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Strategies for Promoting Occupant Health and Well-Being

September 2nd, 2021 | 6 min. read

Strategies for Promoting Occupant Health and Well-Being

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A building project is a chance to adopt new ways of working, assess your internal culture, and plan your organization’s future. When setting these goals, you should also consider the health and well-being of your building’s occupants. 

Recently, health has become a hot topic for architects and interior designers. Even before the pandemic, designers were experimenting with strategies to improve mental and physical health. These strategies have become core requirements of many building certification systems, including LEED, WELL, and Living Building Challenge. 

This article will discuss three design strategies that promote health and well-being: 

  • Provide opportunities for movement 
  • Emphasize choice 
  • Incorporate biophilic design

Continue reading to learn how you can implement these strategies on your project. 

3 Strategies for Promoting Health and Well-Being 

1. Provide Opportunities for Movement 

In commercial settings, thoughtful design can have a tangible impact on occupants. Most office workers have little opportunity for movement, spending most of their time at a desk. Studies show that extended periods of inactivity can lead to chronic health problems like diabetes and increased blood pressure. 

Thankfully, simple design solutions can encourage movement throughout the workday. 

Placing coffee bars, copiers, and bathrooms away from workstations is a basic but effective strategy for encouraging movement. To go further, plan the building’s circulation around stairs rather than elevators. 

At Kreg Tool’s headquarters, the design team placed the stairs at the building’s center and outfitted exterior views, making the stairs the most logical and attractive way to navigate the building. Extra-wide landings also provide an opportunity for spontaneous interaction.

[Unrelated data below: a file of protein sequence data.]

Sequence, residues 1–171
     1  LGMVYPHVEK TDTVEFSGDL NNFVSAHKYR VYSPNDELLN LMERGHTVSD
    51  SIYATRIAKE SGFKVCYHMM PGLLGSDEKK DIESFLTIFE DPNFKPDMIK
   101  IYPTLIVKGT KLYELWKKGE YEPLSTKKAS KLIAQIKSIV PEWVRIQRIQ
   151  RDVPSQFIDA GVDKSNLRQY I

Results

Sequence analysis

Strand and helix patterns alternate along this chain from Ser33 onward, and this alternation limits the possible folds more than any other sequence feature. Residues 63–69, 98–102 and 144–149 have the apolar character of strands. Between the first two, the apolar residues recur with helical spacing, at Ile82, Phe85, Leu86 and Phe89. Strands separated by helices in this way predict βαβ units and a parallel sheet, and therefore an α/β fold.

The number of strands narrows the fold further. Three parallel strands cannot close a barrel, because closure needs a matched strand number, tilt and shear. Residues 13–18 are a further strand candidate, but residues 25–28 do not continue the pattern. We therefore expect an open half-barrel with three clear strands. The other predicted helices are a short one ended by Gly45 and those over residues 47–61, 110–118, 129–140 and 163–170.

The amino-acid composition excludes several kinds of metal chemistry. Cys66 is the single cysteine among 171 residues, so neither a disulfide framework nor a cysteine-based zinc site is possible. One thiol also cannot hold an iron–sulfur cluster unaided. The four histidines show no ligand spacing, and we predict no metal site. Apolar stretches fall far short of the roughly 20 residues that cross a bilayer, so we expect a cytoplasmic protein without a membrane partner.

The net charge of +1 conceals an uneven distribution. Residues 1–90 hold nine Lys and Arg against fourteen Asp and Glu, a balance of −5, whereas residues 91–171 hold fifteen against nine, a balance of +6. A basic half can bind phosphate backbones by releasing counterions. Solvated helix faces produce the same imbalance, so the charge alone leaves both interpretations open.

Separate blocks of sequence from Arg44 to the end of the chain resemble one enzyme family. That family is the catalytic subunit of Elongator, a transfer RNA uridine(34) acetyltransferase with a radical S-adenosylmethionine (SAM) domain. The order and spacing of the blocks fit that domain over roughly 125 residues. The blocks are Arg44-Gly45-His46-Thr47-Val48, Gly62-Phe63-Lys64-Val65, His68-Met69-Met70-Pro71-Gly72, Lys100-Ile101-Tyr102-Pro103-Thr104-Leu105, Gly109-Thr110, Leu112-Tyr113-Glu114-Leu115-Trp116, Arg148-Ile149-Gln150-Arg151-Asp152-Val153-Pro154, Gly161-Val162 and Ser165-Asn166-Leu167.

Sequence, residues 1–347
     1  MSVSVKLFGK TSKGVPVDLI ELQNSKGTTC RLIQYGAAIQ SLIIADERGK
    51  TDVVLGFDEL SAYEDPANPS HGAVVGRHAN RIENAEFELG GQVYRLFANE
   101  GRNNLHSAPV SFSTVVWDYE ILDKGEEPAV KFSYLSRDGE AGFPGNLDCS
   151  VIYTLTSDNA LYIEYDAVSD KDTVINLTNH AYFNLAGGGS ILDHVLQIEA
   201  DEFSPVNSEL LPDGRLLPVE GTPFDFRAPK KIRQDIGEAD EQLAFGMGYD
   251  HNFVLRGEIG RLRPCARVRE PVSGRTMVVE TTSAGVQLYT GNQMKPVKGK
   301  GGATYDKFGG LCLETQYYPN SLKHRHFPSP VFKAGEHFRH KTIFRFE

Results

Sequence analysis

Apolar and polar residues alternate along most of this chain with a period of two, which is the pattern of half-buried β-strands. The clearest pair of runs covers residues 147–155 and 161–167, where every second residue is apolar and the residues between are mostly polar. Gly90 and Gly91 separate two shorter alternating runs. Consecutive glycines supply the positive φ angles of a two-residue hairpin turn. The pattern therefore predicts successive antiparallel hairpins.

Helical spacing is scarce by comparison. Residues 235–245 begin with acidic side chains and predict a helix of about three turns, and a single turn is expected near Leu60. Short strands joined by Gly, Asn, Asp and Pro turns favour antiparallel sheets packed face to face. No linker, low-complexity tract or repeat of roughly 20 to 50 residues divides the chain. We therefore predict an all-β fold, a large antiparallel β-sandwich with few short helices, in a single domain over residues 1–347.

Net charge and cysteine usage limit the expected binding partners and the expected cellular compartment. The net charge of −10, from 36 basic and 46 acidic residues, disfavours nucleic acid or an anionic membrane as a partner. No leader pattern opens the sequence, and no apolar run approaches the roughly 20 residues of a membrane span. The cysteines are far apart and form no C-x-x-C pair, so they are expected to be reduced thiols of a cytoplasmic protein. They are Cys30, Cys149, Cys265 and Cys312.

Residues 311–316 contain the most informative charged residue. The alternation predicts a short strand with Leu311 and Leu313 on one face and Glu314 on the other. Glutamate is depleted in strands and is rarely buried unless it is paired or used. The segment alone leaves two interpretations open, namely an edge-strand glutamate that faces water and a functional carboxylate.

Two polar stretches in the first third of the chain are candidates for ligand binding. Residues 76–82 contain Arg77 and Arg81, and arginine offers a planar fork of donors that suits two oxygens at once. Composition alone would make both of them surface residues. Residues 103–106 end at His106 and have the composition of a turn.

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Stairs at Kreg Tool, fitted with exterior views

2. Emphasize Choice

A building that promotes health and well-being also provides freedom and choice. In commercial settings, occupants should be able to leave their desks and work in a way that best suits them.

Smaller workstations can accommodate collaborative zones and focus rooms, providing occupants with more options. Additional space can also make room for wellness rooms that occupants can use for lactation, prayer, or a quiet moment.

Along with flexible working options, some companies are providing on-site fitness centers, showers, and weather-protected bike racks, giving their employees the chance to exercise regularly. These amenities help occupants easily integrate fitness into their daily routine. 

3. Incorporate Biophilic Design

“Biophilia” has become a bit of a buzzword in the design community. Stemming from the Greek words for life (bio) and love (philia), biophilia is the theory that humans have an innate connection to nature.

The theory helps explain why people from across cultures enjoy experiences like walking through a forest, listening to ocean waves, or sitting by a crackling fire. Research demonstrates that these experiences can help reduce stress and improve creativity and cognitive function.

Biophilic design strategies can promote these benefits within the built environment. 

Daylighting is perhaps the most effective tool in a designer’s belt. Daylight can help boost mood and regulate circadian rhythms. Electric light should supplement natural light, rather than act as the primary light source.

In deep buildings where equal daylight is unavailable, utilize skylights, atriums, and light cores to boost natural light levels. Color-changing lights can act as a secondary light source when necessary.

In addition to daylight, create visual connections to nature with indoor foliage, natural materials, and views of the outdoors. Together, these strategies can create a more pleasant work environment and benefit occupants’ mental health. 

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Daylighting at Des Moines Municipal Services

Learn More About Health and Well-Being 

The link between the built environment and our mental and physical health is well-documented. Whether renovating your existing workspace or building a new facility, your project is an opportunity to improve occupants’ daily experience.   

Simple strategies like providing opportunities for movement, emphasizing choice, and incorporating biophilic elements can lead to a healthier and more productive workplace. 

These strategies can even provide a financial return on investment by reducing the cost of absenteeism and turnover. Learn more by reading about why you should consider long-term personnel expenses when starting a building project.